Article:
I can remember when I was a young boy, standing in a non-descript room with my father by my side and the doctor teaching me how to breathe better. During my early years I had severe asthma and I quickly learnt to appreciate an easy, satisfying breath.
Over the years I have noticed with my clients how many of us don’t breathe properly, as crazy or weird as that sounds. By not breathing properly, I mean one is shallow lung breathing, which is not following the body’s natural breathing rhythm, known as belly breathing.
Simply put, belly breathing is when our stomach expands when we breathe in and when we exhale our stomach gets ‘sucked in’. When we expand the stomach we pull our diaphragm down, allowing oxygen to reach the lower alveoli sacks in the lung. When we contract or suck our stomach in during exhale, we push the diaphragm up, ensuring all the air is squeezed out of the lungs.
In short, belly breathing allows us to maximise the body’s oxygen/carbon dioxide exchange.
The Natural Breathing Rhythm
However we can breathe poorly in the opposite direction i.e. stomach-in breath-in, stomach-out breath-out, and still feel comfortable with it, as I had when I was a child. We can also breathe by not using our belly at all. These are all in fact bad habits that we have fallen into that can be easily changed providing us tremendous benefits.
According to the University of Texas Counselling and Mental Health Centre, "Belly Breathing allows one to take normal breaths while maximizing the amount of oxygen that goes into the bloodstream. It is a way of interrupting the 'Fight or Flight' response and triggering the body's normal relaxation response."
The breath is the source of life, reaffirming our interaction with the richness of life with each breath we take. When we deny ourselves this gift in fullness it is as if we are denying ourselves the full experience of life, as well as minimizing the body’s energizing process with each shallow lung breath.
Breath is so important and yet so basic we often overlook it. As it is the only body process we have conscious and sub-conscious control over, it is used as a tool for emotional healing and spiritual growth. Many meditation practises follow the breath as a concentration tool while yoga utilises the importance of a belly breath.
Indeed the power of breath should not be under estimated and Wim Hof has demonstrated that by using breathing exercises he could set the 2014 world record for sitting in ice for the longest recorded duration at 1 hour and 53min and is passionately encouraging people to breathe deeper to improve ones physical and emotional health.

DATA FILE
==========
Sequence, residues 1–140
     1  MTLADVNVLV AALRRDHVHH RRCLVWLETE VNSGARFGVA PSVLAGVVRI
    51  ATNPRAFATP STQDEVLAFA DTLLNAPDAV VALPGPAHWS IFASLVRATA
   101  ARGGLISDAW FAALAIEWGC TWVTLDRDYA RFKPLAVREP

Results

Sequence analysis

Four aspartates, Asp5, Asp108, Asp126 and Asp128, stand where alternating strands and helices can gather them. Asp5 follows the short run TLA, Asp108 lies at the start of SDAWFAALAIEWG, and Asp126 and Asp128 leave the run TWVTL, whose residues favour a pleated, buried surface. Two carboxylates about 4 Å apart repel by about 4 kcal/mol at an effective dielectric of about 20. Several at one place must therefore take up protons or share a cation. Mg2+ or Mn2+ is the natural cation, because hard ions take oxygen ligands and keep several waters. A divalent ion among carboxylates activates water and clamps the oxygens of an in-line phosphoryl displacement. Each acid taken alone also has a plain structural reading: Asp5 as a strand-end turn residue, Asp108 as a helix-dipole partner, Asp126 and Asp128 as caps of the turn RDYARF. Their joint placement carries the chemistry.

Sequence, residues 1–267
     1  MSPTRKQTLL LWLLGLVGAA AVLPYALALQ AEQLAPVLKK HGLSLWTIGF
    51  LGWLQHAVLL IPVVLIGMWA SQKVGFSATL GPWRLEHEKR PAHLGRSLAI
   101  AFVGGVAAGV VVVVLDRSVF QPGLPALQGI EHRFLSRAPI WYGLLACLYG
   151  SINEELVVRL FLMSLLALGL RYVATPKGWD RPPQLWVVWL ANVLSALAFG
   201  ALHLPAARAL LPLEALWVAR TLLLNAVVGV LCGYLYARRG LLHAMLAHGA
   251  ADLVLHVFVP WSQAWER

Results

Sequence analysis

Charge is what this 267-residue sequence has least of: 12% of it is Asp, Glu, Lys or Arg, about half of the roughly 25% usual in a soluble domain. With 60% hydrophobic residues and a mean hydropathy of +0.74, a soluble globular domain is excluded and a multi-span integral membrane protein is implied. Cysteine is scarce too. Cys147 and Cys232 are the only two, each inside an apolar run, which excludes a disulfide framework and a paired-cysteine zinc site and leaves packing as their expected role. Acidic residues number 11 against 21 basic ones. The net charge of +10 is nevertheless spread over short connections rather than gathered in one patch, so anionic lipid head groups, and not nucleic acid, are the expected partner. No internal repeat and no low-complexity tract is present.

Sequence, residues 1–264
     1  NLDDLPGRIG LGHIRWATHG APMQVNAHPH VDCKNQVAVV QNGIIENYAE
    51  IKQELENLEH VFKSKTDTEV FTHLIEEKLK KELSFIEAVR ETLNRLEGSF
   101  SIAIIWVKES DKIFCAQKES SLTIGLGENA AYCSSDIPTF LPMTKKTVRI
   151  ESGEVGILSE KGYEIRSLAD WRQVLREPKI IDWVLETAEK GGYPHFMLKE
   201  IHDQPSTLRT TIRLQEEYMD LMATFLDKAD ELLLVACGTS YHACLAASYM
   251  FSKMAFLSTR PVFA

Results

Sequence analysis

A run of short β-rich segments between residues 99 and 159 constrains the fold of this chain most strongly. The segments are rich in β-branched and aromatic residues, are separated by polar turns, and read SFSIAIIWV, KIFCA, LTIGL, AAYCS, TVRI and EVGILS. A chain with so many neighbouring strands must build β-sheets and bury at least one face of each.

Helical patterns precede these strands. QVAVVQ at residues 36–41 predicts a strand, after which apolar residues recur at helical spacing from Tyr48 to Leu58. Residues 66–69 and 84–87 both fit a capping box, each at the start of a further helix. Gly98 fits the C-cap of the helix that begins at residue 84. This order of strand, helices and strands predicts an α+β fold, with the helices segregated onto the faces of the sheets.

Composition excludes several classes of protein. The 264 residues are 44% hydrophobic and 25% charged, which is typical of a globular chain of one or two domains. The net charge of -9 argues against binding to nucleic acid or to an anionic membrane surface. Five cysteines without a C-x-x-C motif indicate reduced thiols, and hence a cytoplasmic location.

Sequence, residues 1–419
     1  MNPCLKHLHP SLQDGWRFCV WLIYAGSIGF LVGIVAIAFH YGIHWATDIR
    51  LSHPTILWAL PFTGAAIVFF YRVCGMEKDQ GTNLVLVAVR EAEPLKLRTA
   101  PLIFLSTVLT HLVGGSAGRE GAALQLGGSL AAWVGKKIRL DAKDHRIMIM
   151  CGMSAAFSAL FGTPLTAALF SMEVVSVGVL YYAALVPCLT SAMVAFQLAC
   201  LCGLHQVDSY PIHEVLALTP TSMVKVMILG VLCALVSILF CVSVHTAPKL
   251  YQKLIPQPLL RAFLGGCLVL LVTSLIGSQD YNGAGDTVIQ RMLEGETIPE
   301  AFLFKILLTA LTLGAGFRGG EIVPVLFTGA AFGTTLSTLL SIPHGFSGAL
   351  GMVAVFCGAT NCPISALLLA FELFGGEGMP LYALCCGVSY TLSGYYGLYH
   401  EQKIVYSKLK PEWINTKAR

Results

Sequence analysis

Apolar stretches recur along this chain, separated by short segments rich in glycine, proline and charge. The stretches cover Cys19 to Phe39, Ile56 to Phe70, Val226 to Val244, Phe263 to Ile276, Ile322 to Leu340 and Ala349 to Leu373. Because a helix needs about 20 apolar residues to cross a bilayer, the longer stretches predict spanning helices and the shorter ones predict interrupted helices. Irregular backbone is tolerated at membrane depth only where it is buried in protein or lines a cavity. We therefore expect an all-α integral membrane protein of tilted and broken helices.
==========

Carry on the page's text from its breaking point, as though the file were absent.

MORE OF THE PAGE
“A Natural way to detox”
Breathing is also recognised as a very natural way for us to detox, both toxins and emotions can be released via the breath. Very often I will need to yawn in a healing session as I am releasing via my breaths the negative emotions I have helped to process for my client.
As belly breathing allows the diaphragm to extend to its full length, this gently revitalises the lower lung and stomach area and this supports the releasing of emotions. For this reason belly breathing is a key tool for clearing our emotions, included in such practises like Re-Birthing, Pilates and the Art of Living courses.
“Clear negative feelings”
As shallow breathing doesn't support us in dealing with our feelings, I have noticed that we are usually poor breathers when we are disconnected or are suppressing our feelings. It's as if we unconsciously know not to breathe more fully in fear of activating the feelings we are currently avoiding. Yet it is precisely by taking deeper breaths that can help us deal with our fears (and clear our emotions) for it has been well documented that belly breathing can reduce anxiety.
Perhaps one of the reasons why belly breathing can reduce anxiety is because when we breathe more fully we are more connected to our selves, that is, we are feeling our emotions more and thus more grounded in the body. In other words, by breathing more fully we are more at home in ourselves, giving rise to a greater sense of peace.
I like to make my clients aware of their shallow lung breathing precisely because belly breathing is such a transformative tool, and yet so natural and available to us at the same time.
If you’re not already belly breathing then I encourage you to remind yourself as often as possible to do so. It really is an easy habit to change as it is a natural rhythm of our bodies. And the more often you allow yourself bigger, deeper breaths via your belly, the healthier you will feel both physically and emotionally. Try it out for yourself.
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By: Published: Updated Sept. 2020